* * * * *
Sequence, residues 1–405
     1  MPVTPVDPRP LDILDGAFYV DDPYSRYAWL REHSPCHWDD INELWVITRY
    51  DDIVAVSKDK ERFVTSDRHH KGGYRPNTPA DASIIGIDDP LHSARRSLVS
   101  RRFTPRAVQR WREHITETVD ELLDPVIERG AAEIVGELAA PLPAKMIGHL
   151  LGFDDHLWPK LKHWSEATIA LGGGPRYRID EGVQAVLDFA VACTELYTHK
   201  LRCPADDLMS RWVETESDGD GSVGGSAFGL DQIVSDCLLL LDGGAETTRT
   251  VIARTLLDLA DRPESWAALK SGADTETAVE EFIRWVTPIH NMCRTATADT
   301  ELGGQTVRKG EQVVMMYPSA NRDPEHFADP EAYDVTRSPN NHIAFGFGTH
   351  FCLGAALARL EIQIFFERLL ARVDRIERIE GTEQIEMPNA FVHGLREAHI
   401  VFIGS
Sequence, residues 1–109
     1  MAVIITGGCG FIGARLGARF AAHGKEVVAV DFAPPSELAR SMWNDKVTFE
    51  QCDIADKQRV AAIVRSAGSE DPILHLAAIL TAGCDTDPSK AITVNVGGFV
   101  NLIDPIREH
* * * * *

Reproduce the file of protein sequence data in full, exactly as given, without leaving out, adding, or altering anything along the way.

Sequence, residues 1–405
     1  MPVTPVDPRP LDILDGAFYV DDPYSRYAWL REHSPCHWDD INELWVITRY
    51  DDIVAVSKDK ERFVTSDRHH KGGYRPNTPA DASIIGIDDP LHSARRSLVS
   101  RRFTPRAVQR WREHITETVD ELLDPVIERG AAEIVGELAA PLPAKMIGHL
   151  LGFDDHLWPK LKHWSEATIA LGGGPRYRID EGVQAVLDFA VACTELYTHK
   201  LRCPADDLMS RWVETESDGD GSVGGSAFGL DQIVSDCLLL LDGGAETTRT
   251  VIARTLLDLA DRPESWAALK SGADTETAVE EFIRWVTPIH NMCRTATADT
   301  ELGGQTVRKG EQVVMMYPSA NRDPEHFADP EAYDVTRSPN NHIAFGFGTH
   351  FCLGAALARL EIQIFFERLL ARVDRIERIE GTEQIEMPNA FVHGLREAHI
   401  VFIGS
Sequence, residues 1–109
     1  MAVIITGGCG FIGARLGARF AAHGKEVVAV DFAPPSELAR SMWNDKVTFE
    51  QCDIADKQRV AAIVRSAGSE DPILHLAAIL TAGCDTDPSK AITVNVGGFV
   101  NLIDPIREH